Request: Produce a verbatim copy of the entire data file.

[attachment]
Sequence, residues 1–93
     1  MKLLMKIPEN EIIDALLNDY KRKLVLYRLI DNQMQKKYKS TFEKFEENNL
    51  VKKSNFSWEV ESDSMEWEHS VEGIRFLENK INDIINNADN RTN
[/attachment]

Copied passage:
Sequence, residues 1–93
     1  MKLLMKIPEN EIIDALLNDY KRKLVLYRLI DNQMQKKYKS TFEKFEENNL
    51  VKKSNFSWEV ESDSMEWEHS VEGIRFLENK INDIINNADN RTN